06/07/2011

Endowment established to help advance research at WVU Cancer Center

MORGANTOWN, W.Va. - Mikki Van Wyk knows research is the key to finding a cure for cancer. 

The long-time West Virginia University supporter is donating $25,000 to create a research endowment at the WVU Mary Babb Randolph Cancer Center. The endowment is expected to qualify for a match from the state’s Research Trust Fund (RTF), bringing the total investment to $50,000.

The Van Wyk Cancer Research Endowment is aimed at advancing biological, biotechnological and biomedical sciences.

“I have known people that have had cancer and have beat it because of the advances made in research,” said Van Wyk of Potomac, Md.  “I would like to be able to come closer to a cure.”

“We are thrilled with the opportunity of this gift to enable a match from the West Virginia Research Trust Fund. Ms. Van Wyk’s vision to cure cancer and extend life-saving cancer treatments to our patients through our clinical trials efforts and emerging statewide clinical trials network is prescient,” Scot Remick, M.D., director of the Mary Babb Randolph Cancer Center, said.

Van Wyk is currently a member of the WVU Foundation Board of Directors. She has been a member of the visiting committees of both the School of Medicine and the Creative Arts Center.

She is presently a member of the Arts at Mason Board for George Mason University and was a founding board member of The Contemporary American Theater Festival at Shepherd University, the chair of the Thanks a Million Foundation, a board member of the Boarman Arts Center and a member of the Johns Hopkins University Council of Medicine.

More recently, she has focused on improving access to dental care in West Virginia by sponsoring and helping organize dental clinics that provided free dental care to more than 3,600 people and by helping to establish the permanent Healthy Smiles Community Oral Health Center in Martinsburg.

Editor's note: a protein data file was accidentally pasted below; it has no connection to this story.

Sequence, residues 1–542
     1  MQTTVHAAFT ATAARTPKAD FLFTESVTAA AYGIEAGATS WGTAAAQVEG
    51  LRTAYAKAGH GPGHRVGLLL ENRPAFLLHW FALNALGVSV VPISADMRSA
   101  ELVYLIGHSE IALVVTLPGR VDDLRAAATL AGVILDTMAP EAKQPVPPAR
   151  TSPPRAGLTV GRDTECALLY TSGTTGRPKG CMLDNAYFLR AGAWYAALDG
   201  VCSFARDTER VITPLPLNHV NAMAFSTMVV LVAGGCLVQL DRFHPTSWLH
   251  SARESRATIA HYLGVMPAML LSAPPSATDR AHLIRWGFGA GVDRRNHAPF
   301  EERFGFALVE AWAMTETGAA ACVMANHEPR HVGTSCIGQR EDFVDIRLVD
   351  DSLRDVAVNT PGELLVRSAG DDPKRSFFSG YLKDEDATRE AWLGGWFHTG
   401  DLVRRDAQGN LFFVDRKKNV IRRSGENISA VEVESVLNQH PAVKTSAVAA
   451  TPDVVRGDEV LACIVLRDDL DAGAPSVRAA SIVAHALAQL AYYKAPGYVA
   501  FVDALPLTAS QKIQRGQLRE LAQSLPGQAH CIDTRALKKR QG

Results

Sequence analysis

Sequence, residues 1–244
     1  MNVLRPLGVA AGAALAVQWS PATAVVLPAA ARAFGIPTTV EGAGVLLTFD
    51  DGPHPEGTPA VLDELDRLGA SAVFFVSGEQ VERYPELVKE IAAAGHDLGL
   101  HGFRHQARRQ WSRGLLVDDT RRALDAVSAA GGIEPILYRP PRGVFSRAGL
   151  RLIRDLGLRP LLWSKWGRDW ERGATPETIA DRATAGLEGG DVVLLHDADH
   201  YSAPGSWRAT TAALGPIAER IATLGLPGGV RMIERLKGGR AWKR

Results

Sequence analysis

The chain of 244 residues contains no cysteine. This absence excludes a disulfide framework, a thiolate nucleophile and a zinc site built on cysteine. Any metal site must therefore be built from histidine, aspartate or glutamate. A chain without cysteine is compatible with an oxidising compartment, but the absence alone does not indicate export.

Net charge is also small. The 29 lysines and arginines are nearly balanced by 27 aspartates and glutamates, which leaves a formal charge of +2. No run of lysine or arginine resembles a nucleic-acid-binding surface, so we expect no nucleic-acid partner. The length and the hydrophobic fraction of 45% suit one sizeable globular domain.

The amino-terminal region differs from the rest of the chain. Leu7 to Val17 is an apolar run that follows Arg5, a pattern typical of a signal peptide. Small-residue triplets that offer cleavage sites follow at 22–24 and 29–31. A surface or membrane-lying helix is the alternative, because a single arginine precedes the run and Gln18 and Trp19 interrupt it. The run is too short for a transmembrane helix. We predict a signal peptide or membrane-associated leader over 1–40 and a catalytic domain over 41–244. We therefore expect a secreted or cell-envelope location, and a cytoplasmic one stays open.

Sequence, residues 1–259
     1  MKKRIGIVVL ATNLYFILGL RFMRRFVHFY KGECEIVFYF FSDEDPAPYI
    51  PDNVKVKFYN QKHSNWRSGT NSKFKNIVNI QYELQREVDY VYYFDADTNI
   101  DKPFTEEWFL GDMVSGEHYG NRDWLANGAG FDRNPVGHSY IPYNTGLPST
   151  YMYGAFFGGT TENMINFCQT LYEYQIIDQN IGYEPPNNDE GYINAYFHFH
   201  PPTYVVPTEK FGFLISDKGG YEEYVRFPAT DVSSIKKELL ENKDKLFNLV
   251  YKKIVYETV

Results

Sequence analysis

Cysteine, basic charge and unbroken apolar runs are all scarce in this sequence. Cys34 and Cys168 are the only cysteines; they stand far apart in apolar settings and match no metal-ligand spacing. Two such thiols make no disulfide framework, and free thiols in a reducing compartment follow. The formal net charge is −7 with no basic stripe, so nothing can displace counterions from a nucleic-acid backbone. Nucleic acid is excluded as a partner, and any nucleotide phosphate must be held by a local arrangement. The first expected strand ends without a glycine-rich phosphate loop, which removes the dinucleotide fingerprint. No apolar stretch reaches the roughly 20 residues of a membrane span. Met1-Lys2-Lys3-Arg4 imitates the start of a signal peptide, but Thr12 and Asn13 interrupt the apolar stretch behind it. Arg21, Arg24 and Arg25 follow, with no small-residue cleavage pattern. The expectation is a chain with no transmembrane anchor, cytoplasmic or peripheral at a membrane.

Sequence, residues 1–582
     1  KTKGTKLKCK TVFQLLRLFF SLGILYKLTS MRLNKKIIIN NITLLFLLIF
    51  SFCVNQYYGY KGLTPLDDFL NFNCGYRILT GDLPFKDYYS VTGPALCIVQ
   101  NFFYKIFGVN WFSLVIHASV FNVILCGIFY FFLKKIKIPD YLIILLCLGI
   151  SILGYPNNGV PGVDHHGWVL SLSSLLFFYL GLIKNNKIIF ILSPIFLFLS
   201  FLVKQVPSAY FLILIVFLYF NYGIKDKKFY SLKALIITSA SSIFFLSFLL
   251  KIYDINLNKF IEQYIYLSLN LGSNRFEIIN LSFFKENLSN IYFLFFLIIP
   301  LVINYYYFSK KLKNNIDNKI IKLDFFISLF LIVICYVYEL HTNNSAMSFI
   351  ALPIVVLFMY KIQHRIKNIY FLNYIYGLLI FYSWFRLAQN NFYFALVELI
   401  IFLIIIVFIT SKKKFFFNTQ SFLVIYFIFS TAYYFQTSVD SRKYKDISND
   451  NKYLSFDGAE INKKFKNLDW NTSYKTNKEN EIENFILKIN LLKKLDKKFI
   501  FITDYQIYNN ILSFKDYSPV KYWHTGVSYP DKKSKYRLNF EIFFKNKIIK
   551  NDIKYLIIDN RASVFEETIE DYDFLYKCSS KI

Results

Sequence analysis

Van Wyk has worked as a cryptanalyst for the National Security Agency and a writer and editor in science and technology for clients such as Time-Life Books, the National Academy of Sciences, the American Association for the Advancement of Science and the U.S. Congress.  She also has worked as a special education teacher and a supervisor and counselor for adult basic education.

Van Wyk views her gift as merely a chance to give back to a state that has given so much to her.

“The WVU Mary Babb Randolph Cancer Center plays a vital role in the daily life of the people of West Virginia. Research funding is hard to get, so it’s important for individuals to seize the opportunity to help out in a way that will benefit the most people,” she said.

In 2008, the state created the RTF with an initial appropriation of $50 million to leverage public and private investments that will transform West Virginia’s economy. WVU is able to tap into the fund to double private gifts that support expansions to research faculty and infrastructure in key areas linked to economic development, healthcare and job growth. To date, private and state dollars combined for WVU total over $33 million.

The WVU Foundation is a private, nonprofit corporation that generates, receives and administers private gifts for the benefit of WVU.

 

-WVU-


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For more information:
Amy Johns, HSC News Service, 304-293-7087
johnsa@wvuhealthcare.com
bn: 06-07-11

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